In general, the draft report concludes that:

* The average pH of precipitation in remote--and therefore relative pristine -- regions of the world is about 5 rather than 5.6 as scientists once assumed. Moreover, "no site anywhere in the world is at all times free from long-range transport of [human-generated acidifying] pollutants" -- a problem that complicates numerical comparisons with industrial areas. The NAPAP data do indicate, however, that in the United States the median annual concentrations of sulfates are generally eight times higher, nitrates 10 times higher and hydrogen ions four times higher than those in most remote regions. At the same time, the report shows that about seven times more acidneutralizing ammonium ions fall upon the United States than on most remote areas.

* As aquatic pH drops to a level of 6 to 6.5, sensitive fish species and other vulnerable organisms in the water begin to lose their ability to reproduce and survive. Below a pH of 5, the whole ecosystem may start falling apart, although some naturally acidic Florida lakes support diverse fish communities, including game fish, at a pH of 4 to 4.5. While the study did not determine how many U.S. lakes have been seriously impaired or killed by acid rain, new data from a survey sponsored by New York State and a consortium of electric utilities show that 23.5 percent of the 1,469 Adirondack lakes surveyed are "entirely fishless," reports aquatic ecologist Joan P. Baker, a Raleigh, N.C.-based consultant who both participated in the Adirondack study and coauthored the NAPAP report's aquatic biology volume. And in roughly one-third of these lakes, fishlessness appears due to acidic air pollutants, she says.

* North American forests are not suffering substantially from acid pollutants, according to the report, "with the possible and notable exception of high-elevation red spruce in the northern Appalachians." Data collected on these high-elevation stands over the past two years indicate that acid-mediated soil changes are fostering nutrient imbalances and a general weakening of red spruce -- changes similar to those now held responsible for European forest declines (SN: 7/22/89, p.56).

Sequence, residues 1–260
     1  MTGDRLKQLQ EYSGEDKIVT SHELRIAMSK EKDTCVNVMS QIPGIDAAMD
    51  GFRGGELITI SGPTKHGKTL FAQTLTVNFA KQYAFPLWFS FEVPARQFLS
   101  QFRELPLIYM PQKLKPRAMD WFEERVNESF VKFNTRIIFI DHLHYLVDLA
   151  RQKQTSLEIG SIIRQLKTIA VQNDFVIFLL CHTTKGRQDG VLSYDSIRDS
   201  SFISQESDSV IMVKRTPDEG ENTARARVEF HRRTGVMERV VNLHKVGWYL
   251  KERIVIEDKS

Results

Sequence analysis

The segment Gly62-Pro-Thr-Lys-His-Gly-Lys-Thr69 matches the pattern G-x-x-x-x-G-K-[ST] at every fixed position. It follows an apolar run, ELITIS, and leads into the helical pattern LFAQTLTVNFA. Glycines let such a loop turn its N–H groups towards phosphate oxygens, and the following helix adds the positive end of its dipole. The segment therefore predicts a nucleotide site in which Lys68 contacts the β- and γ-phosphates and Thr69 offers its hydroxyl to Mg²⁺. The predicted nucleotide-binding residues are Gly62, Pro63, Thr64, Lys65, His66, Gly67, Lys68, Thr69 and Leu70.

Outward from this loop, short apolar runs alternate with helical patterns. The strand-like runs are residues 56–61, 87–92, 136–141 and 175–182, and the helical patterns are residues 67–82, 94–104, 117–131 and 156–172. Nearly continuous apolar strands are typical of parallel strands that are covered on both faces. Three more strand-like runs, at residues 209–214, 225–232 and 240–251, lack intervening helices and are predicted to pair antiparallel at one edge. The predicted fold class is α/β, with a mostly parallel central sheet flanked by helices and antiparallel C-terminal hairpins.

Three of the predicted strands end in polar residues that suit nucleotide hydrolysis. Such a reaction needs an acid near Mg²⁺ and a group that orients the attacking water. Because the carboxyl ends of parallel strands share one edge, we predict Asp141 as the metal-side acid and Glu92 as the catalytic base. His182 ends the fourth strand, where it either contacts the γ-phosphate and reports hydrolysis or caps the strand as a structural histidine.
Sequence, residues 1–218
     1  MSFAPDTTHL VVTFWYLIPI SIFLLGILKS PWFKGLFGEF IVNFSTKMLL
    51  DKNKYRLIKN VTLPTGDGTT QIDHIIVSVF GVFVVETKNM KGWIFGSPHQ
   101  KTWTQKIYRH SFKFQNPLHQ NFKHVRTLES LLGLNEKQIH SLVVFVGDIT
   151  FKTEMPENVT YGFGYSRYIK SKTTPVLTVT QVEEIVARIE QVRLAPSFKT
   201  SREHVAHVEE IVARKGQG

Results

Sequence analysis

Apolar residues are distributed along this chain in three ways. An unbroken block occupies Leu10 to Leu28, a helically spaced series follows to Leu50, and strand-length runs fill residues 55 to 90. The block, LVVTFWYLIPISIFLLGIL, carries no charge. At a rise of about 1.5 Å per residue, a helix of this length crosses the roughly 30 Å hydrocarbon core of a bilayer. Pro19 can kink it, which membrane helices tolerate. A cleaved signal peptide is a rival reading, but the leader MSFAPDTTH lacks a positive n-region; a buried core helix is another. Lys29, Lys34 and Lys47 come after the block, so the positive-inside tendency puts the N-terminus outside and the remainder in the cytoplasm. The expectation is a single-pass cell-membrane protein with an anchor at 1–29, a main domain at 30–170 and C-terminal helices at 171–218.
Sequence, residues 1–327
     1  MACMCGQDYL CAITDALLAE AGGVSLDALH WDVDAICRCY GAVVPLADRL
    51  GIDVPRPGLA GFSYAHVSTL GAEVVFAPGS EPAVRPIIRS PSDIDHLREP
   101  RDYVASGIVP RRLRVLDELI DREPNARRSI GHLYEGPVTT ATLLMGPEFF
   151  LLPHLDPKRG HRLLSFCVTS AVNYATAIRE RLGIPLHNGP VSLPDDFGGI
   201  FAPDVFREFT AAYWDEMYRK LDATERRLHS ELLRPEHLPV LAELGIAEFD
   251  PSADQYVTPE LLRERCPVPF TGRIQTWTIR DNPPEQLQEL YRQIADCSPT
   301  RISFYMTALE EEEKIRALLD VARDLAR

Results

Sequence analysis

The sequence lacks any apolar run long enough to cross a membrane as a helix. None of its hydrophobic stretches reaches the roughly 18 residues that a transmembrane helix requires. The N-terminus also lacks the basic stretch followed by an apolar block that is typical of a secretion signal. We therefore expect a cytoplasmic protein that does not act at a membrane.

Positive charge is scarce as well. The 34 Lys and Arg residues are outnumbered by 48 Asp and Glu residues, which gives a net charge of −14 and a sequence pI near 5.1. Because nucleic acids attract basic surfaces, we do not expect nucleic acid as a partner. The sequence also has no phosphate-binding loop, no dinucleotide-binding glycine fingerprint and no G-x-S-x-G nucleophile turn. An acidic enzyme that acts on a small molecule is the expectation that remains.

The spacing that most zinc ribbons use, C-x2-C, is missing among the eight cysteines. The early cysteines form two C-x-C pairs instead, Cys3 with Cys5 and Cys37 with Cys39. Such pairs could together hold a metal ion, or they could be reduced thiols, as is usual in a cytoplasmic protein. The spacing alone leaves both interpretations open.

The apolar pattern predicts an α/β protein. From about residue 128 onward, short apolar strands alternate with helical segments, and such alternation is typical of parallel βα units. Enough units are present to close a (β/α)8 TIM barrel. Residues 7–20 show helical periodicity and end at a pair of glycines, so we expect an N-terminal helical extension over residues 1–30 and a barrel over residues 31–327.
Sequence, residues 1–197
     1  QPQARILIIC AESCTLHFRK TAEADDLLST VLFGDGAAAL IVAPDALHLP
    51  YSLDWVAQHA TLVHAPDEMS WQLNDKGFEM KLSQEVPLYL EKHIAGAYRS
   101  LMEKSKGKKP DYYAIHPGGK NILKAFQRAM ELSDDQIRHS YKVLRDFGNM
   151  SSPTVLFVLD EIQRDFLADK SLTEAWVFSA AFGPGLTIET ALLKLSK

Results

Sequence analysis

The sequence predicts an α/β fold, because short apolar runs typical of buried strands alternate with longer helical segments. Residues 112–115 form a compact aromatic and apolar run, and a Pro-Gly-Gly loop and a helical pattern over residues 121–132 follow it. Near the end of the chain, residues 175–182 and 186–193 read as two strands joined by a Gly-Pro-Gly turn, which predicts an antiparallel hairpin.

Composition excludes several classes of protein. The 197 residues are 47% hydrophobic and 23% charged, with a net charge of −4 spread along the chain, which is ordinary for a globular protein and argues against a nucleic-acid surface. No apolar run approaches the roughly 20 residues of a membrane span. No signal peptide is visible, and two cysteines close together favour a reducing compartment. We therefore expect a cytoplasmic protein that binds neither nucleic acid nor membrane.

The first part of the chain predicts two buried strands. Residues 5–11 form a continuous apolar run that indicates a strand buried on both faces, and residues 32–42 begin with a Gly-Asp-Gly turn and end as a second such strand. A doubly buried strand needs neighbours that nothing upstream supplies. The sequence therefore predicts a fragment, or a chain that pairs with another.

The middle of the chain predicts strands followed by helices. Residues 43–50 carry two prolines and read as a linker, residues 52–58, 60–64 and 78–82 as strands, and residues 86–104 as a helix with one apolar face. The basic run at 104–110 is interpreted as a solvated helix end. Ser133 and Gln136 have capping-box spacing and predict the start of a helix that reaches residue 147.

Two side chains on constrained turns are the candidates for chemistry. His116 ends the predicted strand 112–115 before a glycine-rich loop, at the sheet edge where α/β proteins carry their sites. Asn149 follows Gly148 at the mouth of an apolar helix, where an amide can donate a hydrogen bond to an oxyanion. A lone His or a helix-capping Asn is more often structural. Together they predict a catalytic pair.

* Technologies have so improved that U.S. emissions standards for new fossilfueled power plants could be cut to just one-tenth the current standards and could be met by systems costing no more than those available in 1979, says former NAPAP Director J. Laurence Kulp of Federal Way, Wash.

Over the next few months, the authors of each volume will formally address their reviewers' criticisms and incorporate changes where warranted. The revised version of this encyclopedic series, due out this fall, should provide the scientific underpinnings for NAPAP's swan song -- a much shorter report now referred to only as the "integrated assessment." Due out by year's end, that final report is expected to include comparisons of the likely environmental and health impacts of more than 30 pollutantemissions scenarios of the future. The "integrated assessment" is intended to help policymakers choose among various levels or patterns of pollutant controls, including those proposed by President Bush last year in his clean air legislation (SN: 6/17/89, p.375).
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Title Annotation:causes of acidification of surface waters
Author:Raloff, J.
Publication:Science News
Date:Feb 24, 1990
Words:1048